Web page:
In 1408 the theologian Jean Petit used biblical examples to justify tyrannicide following the murder of Louis I, Duke of Orleans by Petit's patron John the Fearless, Duke of Burgundy. Petit's thesis was extensively discussed and eventually anathematized by the church at the Council of Constance. A Shone Treatise of Politike Power, written by John Ponet in 1556, argued that the people are custodians of natural and divine law, and that if governors and kings violated their trust, then they forfeited their power, whether they relinquished their positions voluntarily or whether they had to be removed forcefully.The Tenure of Kings and Magistrates by John Milton in 1649 also described the history of tyrannicide, and a defense of it when appropriate.
Cambridge's David George has also argued that terrorism is a form of tyranny of which tyrannicide is a negation.Abraham Lincoln believed that assassinating a leader is morally justified when a people has suffered under a tyrant for an extended period of time and has exhausted all legal and peaceful means of ouster.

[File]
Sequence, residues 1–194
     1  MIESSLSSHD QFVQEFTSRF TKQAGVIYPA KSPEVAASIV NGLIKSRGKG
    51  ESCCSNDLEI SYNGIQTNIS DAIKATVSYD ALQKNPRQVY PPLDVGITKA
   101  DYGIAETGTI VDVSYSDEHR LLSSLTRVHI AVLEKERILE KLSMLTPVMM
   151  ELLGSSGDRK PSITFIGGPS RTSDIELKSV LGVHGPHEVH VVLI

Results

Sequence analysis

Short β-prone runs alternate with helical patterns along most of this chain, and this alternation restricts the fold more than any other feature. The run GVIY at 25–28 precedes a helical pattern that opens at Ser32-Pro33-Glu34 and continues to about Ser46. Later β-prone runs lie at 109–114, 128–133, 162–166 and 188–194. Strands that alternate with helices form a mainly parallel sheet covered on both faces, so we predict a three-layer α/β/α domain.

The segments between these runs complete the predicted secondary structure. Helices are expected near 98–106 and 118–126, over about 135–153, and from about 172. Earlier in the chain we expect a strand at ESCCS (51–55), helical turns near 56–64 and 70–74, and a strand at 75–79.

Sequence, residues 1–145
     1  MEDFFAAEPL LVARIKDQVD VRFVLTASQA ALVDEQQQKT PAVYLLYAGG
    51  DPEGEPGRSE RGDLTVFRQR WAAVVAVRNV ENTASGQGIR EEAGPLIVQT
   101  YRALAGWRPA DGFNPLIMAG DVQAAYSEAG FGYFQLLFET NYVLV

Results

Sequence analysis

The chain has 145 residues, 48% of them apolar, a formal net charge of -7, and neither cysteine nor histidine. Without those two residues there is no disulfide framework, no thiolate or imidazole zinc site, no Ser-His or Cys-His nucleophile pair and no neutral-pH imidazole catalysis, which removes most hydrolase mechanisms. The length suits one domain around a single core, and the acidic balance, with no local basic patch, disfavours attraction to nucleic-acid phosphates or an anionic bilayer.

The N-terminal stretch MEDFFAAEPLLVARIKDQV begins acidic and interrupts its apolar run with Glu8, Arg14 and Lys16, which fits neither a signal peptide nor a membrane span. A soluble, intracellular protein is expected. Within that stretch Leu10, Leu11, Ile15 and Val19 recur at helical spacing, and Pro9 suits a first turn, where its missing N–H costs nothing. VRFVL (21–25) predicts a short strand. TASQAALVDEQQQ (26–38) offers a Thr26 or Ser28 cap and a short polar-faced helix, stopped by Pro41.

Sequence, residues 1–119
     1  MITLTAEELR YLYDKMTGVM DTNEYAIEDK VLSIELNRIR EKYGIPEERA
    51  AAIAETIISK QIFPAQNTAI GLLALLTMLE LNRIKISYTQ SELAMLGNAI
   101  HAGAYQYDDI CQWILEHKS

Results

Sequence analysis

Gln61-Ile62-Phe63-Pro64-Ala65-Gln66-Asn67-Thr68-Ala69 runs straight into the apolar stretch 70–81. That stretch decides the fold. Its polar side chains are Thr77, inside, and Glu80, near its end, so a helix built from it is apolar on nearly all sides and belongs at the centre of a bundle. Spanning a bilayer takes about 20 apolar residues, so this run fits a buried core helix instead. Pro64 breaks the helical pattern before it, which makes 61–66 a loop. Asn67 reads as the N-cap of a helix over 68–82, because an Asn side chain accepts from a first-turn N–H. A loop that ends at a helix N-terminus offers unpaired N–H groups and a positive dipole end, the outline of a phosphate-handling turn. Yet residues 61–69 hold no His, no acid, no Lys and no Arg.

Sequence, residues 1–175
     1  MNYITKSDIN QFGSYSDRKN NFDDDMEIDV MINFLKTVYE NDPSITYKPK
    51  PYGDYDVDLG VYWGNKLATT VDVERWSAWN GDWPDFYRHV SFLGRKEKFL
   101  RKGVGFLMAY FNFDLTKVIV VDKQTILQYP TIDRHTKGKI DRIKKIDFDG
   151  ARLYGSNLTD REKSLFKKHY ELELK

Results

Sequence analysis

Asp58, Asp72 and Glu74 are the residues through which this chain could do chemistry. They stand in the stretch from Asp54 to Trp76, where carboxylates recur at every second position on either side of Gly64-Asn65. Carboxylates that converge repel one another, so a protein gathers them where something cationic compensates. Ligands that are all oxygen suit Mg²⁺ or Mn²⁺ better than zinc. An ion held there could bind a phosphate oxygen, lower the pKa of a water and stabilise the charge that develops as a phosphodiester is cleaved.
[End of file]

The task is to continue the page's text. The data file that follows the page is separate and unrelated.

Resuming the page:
Throughout history, many leaders have died under the pretext of tyrannicide. Hipparchus, one of the last Greek leaders to use the title of "tyrant," was assassinated in 514 BC by Harmodius and Aristogeiton, the original tyrannicides.Since then "tyrant" has been a pejorative term, lacking objective criteria. Many rulers and heads of state have been considered as such by their enemies but not by their adherents and supporters. For example, when John Wilkes Booth assassinated Abraham Lincoln in 1865, he wrote how he considered Lincoln a tyrant while comparing himself to Marcus Junius Brutus, who stabbed the Roman dictator Julius Caesar in 44 BC. It is worth noting that Booth himself, his father, and his brother were all well-known thespians, best-known for their performances in productions of Julius Caesar by William Shakespeare. The famous line from Julius Caesar: "sic semper tyrannis," was even yelled by Booth after assassinating President Lincoln.